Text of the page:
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Apr 24, 2012
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Sherwood, AR
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Next week I am traveling to the West Coast to a family reunion. My family wants a group shot of about 20 people. I never have shoot a group that large. How do I keep all of the face focused? I plan to pose in 3 rows. Any help is appreciated:)
Keep your rows even (all eyes for each row at equal distance from you).

F8-10 or higher depending on focal length. YMMV. May also need high ISO to comensate of course.

Spot focus on an eye dead center of frame and in middle row. Don't bother with a tele. 35mm would be good, 50mm could work too.

Shoot in burst mode if your camera has it. Otherwise just snap away. 20 chances for someone to blink or anything like that
To amplify the above, ensure that you do the math for the DoF. Typically, with a three-row set-up, I would focus on the eyes of the middle row, and use an aperture sufficient to ensure appropriate DoF to keept he front and rear rows sharp (and probably go 1 stop over just to be safe). For row-type posing then arrange people appropriately, either tallest in the middle and going to the shortest on the ends, or vice-versa, but ensure that no one is blocking anyone's eyes (you may want to have the front row sitting, middle kneeling, etc). Also consider more informal compositions, especially if it's outside; spread out over a larger area and have little groups.
Pick your spot early, and take a little time checking framing. Bring at least one friend to stand here, stand there, see how tall people really are, how wide your field of view really is, where the trees and pipes and radio towers are that are gonna grow out of people's heads. Take some tests to verify actual framing, and then plan to give yourself a little more room around the edge of the frame than that -- not too much, you're gonna have enough trouble maintaining detail in people's faces without cropping like crazy!

It'll take a while to get everyone pulled together for the shot. Have the people who show up first stand in the three rows, and out at the sides, so you can take some test shots as people show up. Then chimp like crazy, zoom in on the LCD and see what's in focus and what's not, and how it all looks.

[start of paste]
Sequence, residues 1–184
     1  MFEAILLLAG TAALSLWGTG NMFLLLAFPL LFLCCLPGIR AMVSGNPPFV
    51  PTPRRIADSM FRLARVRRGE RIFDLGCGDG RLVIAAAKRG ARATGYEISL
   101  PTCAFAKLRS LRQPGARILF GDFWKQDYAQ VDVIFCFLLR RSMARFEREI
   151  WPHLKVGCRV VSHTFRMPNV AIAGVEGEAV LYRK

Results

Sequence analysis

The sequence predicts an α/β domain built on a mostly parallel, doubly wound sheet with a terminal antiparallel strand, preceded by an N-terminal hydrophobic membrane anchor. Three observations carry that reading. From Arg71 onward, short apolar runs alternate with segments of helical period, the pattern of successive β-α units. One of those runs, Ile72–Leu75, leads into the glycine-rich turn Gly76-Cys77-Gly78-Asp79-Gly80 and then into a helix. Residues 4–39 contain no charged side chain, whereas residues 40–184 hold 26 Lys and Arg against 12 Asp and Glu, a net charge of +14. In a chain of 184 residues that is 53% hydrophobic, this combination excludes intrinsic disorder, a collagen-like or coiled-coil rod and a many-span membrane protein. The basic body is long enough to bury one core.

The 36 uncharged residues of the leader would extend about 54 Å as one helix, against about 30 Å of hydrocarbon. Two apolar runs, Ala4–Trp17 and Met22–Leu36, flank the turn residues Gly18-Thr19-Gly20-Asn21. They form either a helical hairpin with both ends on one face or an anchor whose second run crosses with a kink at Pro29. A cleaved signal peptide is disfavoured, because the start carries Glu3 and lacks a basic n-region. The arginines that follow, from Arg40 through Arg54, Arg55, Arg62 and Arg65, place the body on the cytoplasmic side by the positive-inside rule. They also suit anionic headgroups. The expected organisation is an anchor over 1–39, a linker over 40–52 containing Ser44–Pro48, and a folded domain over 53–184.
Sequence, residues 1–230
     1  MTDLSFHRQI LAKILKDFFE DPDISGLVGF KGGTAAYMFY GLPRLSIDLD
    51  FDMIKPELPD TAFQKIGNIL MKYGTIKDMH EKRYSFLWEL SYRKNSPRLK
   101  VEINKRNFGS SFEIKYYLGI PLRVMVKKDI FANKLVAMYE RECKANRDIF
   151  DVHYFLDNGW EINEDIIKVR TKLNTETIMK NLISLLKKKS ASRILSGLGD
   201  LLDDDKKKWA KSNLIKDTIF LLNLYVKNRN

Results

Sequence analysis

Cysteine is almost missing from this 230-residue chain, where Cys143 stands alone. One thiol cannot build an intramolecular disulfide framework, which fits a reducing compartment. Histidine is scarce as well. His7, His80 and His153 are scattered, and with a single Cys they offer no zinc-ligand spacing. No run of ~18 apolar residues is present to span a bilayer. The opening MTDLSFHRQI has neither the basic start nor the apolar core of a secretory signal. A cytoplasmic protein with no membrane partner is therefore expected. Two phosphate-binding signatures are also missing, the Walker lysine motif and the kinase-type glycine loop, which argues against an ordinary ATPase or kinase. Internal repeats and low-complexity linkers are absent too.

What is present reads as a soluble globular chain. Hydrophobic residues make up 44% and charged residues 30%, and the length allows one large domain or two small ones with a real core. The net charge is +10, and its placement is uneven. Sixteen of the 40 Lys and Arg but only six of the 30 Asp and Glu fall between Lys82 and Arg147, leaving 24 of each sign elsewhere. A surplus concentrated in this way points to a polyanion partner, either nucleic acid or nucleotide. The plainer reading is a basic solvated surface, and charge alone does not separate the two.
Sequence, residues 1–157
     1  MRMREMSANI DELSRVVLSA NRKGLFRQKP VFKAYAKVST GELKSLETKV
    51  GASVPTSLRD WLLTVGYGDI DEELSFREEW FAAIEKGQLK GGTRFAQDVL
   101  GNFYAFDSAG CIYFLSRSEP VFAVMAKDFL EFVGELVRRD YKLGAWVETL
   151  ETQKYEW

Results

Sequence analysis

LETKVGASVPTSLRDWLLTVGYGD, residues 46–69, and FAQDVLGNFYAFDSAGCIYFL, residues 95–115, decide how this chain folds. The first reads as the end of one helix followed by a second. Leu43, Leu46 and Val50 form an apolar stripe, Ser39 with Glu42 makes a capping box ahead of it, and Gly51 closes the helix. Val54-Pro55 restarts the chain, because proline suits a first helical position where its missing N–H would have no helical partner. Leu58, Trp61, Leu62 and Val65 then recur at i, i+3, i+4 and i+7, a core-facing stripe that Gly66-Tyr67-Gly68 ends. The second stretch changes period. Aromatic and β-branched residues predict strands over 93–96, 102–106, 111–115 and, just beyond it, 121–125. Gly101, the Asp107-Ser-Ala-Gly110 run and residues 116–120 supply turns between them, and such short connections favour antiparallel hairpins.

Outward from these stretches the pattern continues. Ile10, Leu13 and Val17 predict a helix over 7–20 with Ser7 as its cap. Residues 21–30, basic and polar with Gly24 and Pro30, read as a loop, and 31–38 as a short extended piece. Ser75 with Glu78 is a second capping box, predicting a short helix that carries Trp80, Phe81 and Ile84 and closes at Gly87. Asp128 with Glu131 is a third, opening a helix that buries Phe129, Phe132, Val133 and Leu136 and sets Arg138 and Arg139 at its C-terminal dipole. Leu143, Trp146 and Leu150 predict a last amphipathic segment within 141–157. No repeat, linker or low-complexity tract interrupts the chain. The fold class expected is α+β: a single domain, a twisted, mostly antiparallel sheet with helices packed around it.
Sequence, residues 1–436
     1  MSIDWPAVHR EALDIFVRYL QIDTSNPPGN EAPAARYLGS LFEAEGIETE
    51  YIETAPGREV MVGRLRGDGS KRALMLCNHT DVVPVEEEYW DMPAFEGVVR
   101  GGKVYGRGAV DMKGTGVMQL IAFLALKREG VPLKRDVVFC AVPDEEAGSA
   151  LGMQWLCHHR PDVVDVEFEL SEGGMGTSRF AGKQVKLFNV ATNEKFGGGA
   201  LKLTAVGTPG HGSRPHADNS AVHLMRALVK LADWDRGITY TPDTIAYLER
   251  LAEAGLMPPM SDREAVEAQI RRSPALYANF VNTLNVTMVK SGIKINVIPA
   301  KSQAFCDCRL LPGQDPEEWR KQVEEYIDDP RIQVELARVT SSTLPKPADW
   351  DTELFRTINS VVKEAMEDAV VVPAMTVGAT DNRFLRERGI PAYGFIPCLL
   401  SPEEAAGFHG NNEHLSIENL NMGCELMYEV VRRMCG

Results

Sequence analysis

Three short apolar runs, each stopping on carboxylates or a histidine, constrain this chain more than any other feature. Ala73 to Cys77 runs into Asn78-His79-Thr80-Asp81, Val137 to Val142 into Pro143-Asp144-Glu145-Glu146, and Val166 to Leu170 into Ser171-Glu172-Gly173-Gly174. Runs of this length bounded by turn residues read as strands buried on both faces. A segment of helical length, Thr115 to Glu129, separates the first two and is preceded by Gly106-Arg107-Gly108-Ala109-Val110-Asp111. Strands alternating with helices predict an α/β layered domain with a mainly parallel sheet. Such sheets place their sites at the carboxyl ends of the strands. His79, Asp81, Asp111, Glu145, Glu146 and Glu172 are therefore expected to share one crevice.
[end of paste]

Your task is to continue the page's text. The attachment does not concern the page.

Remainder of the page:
That helps, too. I guess I never thought about photographing such a large group. I have done wedding groups, but not a groups of 20 in rows.
Wifey's family gets together every year. First the siblings (13) then the "outlaws" (13) then the cousins, (about 30 or 40) then everybody (Oh, who really knows how many for sure?).

You can practice at home with some found objects. (anything that will show focus) Create a grouping (doesn't have to be exactly 20 objects) that is about as wide as you anticipate. Use your flash.

Keep the rows close, try to get the ones in the back row to stand as close as they can (dare?) to the middle row. Avoid asking women in skirts to sit in the front row. If you can, try to get the rows to curve ever so slightly, so as to be as nearly equidistant from the camera. Save one space at the end of a row for yourself, and use the timer or a remote release. (problem with that is that someone will move or look the wrong way while waiting for the shot) Take lots of shots.
You can practice before!!! Get 9 fillintheblanksthatareclosetopeoplesize (like chairs or something) and put them in three rows of three. Get far enough away from the set up that you'd have enough room to add a few more onto each side (to account for the people - width doesn't really matter in terms of focus at this point). Test DOF/aperture settings to see where you need to be to get focus front to back.
The technicalities have been well covered. Your chances of getting everyone looking good and looking at the camera at the same time are far less than 1 in 20 (Murphy's law applies). I'd say take as many as you can get them to stand still for and keep talking to them as you shoot, explain what you're doing and why you're taking so many shots. Try to have them stay in the same basic position. When you subsequently find the one shot where only one or two of the group are looking away or gurning you can go back and find a shot where those miscreants look respectable, cut out their heads and paste them into the best photo. In my experience it's the only way ... except for prayer and miracles. ;)

Good luck! :D
May be too late for this but keep in mind that this is a family shot with emphasis on family. If yours is like mine, most will like it despite any technical flaws and there are going to be a few that hate it no matter what you do. Try to remember everything said above, have fun and get through it.

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